Kit. He will not swear, he has some Reservation,
Some conceal'd purpose, and close meaning sure;
Else (being urg'd so much) how should he choose
but lend an Oath to all this Protestation?
He's no Precisian, that I am certain of.
Nor rigid Roman Catholick. He'll play
At Fayles, and at Tick-tack, I have heard him swear.
What should I think of it? urge him again,
And by some other way: I will do so.
Well Thomas, thou hast sworn not to disclose;
Yes, you did swear?   Cash. Not yet, Sir, but I will,
Please you —— Kit. No, Thomas, I dare take thy word.
But, if thou wilt swear, do as thou think'st good;
I am resolv'd without it; at thy pleasure.
   Cash. By my Souls safety then, Sir, I protest.
My tongue shall ne're take knowledg of a word
Deliver'd me in nature of your trust.
   Kit. It's too much, these Ceremonies need not,
I know thy Faith to be as firm as Rock.
Thomas, come hither, near: we cannot be
Too private in this business. So it is,
(Now he has sworn, I dare the safelier ventuer)
I have of late, by divers Observations ——
(But whether his Oath can bind him, yea, or no,
Being not taken lawfully? ha? say you?
I will ask Counsel ere I do proceed:)
Thomas, it will be now too long to stay,
I'll spy some fitter time soon, or to morrow.
   Cash. Sir, at your pleasure?   Kit. I will think. And
      Thomas,
I pray you search the Books 'gainst my return,
For the Receipts 'twixt me and Traps.   Cash. I will, Sir.
   Kit. And hear you, if your Mistris Brother Well-
      bred

Chance to bring hither any Gentlemen,
Ere I come back, let one straight bring me word.
   Cash. Very well, Sir.   Kit. To the Exchange; do you
      hear!
Or here in Colman Street, to Justice Clements.
Forget it not, nor be not out of the way.
   Cash. I will not, Sir.   Kit. I pray you have a care
      on't.
Or whether he come, or no, if any other
Stranger, or else fail not to send me word.
   Cash. I shall not, Sir.   Kit. Be't you special Bu-
      siness
Now to remember it.   Cash. Sir, I warrant you.
   Kit. But, Thomas, this is not the Secret, Thomas,
I told you of.   Cash. No, Sir. I do suppose it.
   Kit. Believe me, it is not.   Cash. Sir, I do believe
      you.

[column break]

   Kit. By Heaven it is not, that's enough. But Thomas,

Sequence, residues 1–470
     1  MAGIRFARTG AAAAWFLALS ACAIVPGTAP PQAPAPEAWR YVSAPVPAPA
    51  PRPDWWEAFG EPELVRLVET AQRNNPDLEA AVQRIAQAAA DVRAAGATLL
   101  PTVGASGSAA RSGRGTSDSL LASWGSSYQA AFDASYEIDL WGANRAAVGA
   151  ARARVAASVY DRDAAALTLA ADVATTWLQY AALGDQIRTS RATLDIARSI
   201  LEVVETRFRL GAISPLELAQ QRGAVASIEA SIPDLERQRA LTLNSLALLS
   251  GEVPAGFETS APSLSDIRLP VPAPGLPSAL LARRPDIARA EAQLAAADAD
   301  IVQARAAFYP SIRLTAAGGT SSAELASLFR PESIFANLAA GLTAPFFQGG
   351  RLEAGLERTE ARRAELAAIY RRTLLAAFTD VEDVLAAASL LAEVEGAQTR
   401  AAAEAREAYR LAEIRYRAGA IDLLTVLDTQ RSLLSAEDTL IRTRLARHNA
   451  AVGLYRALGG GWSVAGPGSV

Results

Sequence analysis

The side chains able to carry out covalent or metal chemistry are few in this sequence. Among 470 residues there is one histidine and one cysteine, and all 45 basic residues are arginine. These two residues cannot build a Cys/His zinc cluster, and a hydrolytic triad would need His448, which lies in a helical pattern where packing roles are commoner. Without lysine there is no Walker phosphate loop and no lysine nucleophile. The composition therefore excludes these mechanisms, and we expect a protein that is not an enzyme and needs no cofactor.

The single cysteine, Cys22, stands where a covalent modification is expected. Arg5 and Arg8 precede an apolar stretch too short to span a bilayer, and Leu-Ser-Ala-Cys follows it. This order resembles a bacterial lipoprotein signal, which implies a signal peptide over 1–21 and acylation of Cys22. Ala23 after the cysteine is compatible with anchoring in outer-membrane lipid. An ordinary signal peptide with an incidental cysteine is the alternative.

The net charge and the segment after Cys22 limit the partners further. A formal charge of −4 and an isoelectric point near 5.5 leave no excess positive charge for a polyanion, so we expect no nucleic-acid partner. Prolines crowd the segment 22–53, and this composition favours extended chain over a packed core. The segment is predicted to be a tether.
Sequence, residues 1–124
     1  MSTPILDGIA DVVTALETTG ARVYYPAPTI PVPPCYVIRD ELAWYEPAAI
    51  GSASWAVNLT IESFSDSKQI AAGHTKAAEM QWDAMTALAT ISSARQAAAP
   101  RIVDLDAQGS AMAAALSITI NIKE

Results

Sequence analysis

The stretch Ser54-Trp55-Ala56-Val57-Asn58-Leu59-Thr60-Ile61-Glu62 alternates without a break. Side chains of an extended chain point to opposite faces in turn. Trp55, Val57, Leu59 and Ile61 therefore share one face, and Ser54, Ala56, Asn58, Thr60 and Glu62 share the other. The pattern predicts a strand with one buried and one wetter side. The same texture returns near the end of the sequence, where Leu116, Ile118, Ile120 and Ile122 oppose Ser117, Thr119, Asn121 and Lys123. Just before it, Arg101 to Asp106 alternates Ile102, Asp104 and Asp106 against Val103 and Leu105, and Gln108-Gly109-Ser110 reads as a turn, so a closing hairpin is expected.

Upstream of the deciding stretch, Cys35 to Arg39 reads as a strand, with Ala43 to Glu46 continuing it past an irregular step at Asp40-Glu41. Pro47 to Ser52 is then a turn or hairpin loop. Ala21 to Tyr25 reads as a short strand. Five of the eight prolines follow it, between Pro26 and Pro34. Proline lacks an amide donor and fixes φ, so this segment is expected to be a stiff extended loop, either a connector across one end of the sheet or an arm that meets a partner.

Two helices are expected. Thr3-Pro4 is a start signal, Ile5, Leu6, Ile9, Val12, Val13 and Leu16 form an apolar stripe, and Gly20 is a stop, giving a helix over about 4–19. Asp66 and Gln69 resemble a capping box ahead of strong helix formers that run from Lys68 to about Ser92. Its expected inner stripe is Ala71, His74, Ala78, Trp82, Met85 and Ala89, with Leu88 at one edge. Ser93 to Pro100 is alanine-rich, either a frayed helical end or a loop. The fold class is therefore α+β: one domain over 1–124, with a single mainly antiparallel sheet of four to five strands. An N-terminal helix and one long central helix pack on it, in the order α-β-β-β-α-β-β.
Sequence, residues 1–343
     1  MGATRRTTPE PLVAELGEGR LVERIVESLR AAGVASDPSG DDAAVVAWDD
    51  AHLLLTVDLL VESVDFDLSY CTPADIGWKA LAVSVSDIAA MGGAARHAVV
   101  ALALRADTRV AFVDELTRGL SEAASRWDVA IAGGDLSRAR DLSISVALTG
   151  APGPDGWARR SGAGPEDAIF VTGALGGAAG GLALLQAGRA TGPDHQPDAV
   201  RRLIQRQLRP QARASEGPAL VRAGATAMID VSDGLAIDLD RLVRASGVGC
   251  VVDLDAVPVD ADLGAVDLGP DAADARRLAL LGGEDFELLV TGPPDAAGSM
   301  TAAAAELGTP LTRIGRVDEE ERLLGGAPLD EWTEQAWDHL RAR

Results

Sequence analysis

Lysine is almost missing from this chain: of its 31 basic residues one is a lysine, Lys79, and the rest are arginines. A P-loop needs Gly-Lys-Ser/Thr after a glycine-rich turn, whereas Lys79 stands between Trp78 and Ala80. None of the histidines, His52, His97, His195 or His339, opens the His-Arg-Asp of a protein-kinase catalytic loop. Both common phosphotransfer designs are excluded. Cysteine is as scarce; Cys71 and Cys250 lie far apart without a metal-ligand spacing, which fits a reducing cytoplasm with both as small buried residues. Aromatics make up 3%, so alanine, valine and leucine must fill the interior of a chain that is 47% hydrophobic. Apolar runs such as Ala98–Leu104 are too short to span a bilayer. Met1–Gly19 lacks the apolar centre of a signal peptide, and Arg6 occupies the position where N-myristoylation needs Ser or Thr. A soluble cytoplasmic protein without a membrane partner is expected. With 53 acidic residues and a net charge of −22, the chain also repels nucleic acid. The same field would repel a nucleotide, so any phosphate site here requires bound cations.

I would not you should utter it, do you see?
To any Creature living; yet I care not.
Well, I must hence. Thomas, conceive thus much
It was a tryal of you, when I meant
So deep a Secret to you, I mean not this,
But that I have to tell you; this is nothing, this!
But Thomas, keep this from my Wife, I charge you,
Lock'd up in silence, Mid-night, buried here.
No greater Hell than to be slave to Fear.
   Cash. Lock'd up in silence, Mid night, buried here!
Whence should this flood of Passion (trow) take head?
      ha?
Best dream no longer of this running humour,
For fear I sink! the violence of the Stream
Already hath transported me so far,
That I can feel no ground at all! but soft,
Oh, 'tis our Water-bearer; somewhat has crost him
      now.

Act III.    Scene IV.

Cob, Cash.

F
Asting days? what tell you me of Fasting days?
 'Slid, would they were all on a light Fire for
me: They say the whole World shall be consum'd
with Fire one day, but would I had these Ember-
weeks and villanous Fridays burnt in the mean time, and
then ———
   Cash. Why, how now Cob? what moves thee to this
Choler? ha?
   Cob. Collar, Master Thomas? I scorn your Collar, I
Sir, I am none o' your Cart-horse, though I carry
and draw Water. An' you offer to ride me with your
Collar or Halter either, I may hap shew you a Jades
trick, Sir.
   Cash. O, you'll slip your Head out of the Collar?
why goodman Cob you mistake me.
   Cob. Nay I have my Rheum, and I can be angry as
well as another, Sir.
   Cash. Thy Rhume Cob? thy Humour, thy Humour?
thou mistak'st.
   Cob. Humour? mack, I think it be so indeed: what
is that Humour? some rare thing I warrant.
   Cash. Mary I'll tell thee Cob: It is a Gentleman-like
Monster, bred in the special gallantry of our Time, by
Affectation; and fed by Folly.